WikiLeaks Explores Surveillance State, Barnes & Noble Battles Microsoft Patents, Apple Explains Siri Search Glitch

This and more important news from your Fast Company editors, with updates all day.

WikiLeaks Explores Global Surveillance State. Everyone's favorite leak collective unveiled a cache of documents from as many as 160 private security contractors. The documents, released in collaboration with OWNI, The Washington Post, L'Espresso, and a host of other publications and organizations, reveal the extent of global surveillance—both legal and illegal. An interactive map was also released to help readers understand which private organizations and government agencies may have been eavesdropping on their emails and phone calls. —NU

—Updated 12:00 p.m. EST

B&N Says Nook Is $220 Million Business. While reporting second quarter finances that include a net loss of $6.6 million (better than last year's $12.6 million), Barnes and Noble also revealed that its Nook e-book and e-reader business is now worth over $220 million. The Nook Tablet revealed in November also became the best-selling Nook device ever, and B&N expects to spend money to boost the Nook business by addressing customer buying issues. —KE

Amazon Expands Kindle Store Into Spanish. Amazon has just revealed that its Kindle store is now carrying Spanish products for the first time—with over 22,000 Spanish-language titles. The Kindle Direct Publishing system is also available to Spanish speakers, and the new Kindle has gone on sale in Spain for €99. Simultaneously, similar moves are happening in the Italian Kindle store—siamo arrivati! Amazon's global expansion continues. —KE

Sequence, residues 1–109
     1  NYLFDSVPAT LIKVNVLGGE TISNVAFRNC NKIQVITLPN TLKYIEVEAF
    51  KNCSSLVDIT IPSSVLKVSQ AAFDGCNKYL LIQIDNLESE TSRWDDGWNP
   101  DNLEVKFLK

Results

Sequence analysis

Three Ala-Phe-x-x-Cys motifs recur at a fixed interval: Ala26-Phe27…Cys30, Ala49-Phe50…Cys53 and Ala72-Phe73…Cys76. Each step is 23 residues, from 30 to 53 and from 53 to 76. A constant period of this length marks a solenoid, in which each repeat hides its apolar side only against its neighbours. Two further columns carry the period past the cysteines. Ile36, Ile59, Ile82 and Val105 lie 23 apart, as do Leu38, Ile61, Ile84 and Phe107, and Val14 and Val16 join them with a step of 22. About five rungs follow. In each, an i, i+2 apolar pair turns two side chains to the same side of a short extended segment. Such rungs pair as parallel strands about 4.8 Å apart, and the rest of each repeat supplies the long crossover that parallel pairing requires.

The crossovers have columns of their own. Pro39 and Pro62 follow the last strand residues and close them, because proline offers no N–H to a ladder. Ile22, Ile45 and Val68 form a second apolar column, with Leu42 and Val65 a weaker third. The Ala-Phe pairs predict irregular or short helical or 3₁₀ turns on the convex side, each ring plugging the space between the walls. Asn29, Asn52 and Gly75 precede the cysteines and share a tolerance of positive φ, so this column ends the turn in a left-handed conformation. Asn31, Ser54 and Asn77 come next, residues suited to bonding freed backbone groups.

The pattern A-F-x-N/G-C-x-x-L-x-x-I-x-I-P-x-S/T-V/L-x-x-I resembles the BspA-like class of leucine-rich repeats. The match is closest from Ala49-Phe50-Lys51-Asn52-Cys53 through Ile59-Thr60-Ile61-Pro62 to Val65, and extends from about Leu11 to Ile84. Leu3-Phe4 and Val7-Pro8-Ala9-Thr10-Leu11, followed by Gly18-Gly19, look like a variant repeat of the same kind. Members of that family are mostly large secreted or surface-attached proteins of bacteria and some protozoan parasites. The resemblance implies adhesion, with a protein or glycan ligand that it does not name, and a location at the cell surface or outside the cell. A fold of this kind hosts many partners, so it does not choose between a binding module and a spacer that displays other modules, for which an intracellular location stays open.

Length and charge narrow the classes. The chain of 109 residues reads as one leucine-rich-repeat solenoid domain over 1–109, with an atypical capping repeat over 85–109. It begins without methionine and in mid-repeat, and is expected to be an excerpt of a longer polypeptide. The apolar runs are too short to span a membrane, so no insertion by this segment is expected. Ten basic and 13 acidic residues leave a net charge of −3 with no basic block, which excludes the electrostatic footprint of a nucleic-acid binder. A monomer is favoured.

AT&T Considers T-Mobile Joint Venture. In the wake of regulatory disapproval from the FCC, AT&T is now reported to be considering a joint venture with Deutshe Telekom—the German parent company of T-Mobile USA—instead of a takeover. Such a deal would see a merging of assets and strategies that might dodge some of the FCC's concerns about job losses and monopolies. —KE

—Updated 7:45 a.m. EST 

 

siri

Barnes & Noble Hires Legal Hotshot To Combat Microsoft Patents. David Boies, pivotal in bringing a huge and successful Department of Justice anti-trust case against Microsoft in the early 2000s, has just been hired by Barnes & Noble to combat Microsoft's Android-centric claims of IP violation. MS has successfully persuaded many big players into licensing its code instead of facing legal action, but B&N is resisting. —KE

Apple Explains Siri's Pro-Life Glitch. Answering accusations that Siri, the smart personal assistant, has a strange pro-life bias, Apple has explained that the glitch is part of the beta status of the code and will be addressed "in the coming weeks." It's a function of the data in the multiple online databases about businesses that Siri accesses rather than a deliberate choice in Siri's programming. —KE

Carrier IQ Phone Tap Scandal Expands, Hits Apple. Over the last several days the alleged network performance monitoring by code from Carrier IQ has evolved into a scandal as it's been found the code, embedded in the OS, can even track key presses on Android platforms. Now the Carrier IQ code has been found in iOS, but in its most benign location and phone performance form. The code is thought to potentially violate wiretapping laws in millions of cases. —KE

[Image: Flickr user vasile23]

—Updated 5:30 a.m. EST

Yesterday's Fast Feed: Spotify Adds Third Party Apps, Nokia's Indoor Nav Plans With Bluetooth, YouTube Turbo-Boosts Analytics...and more...

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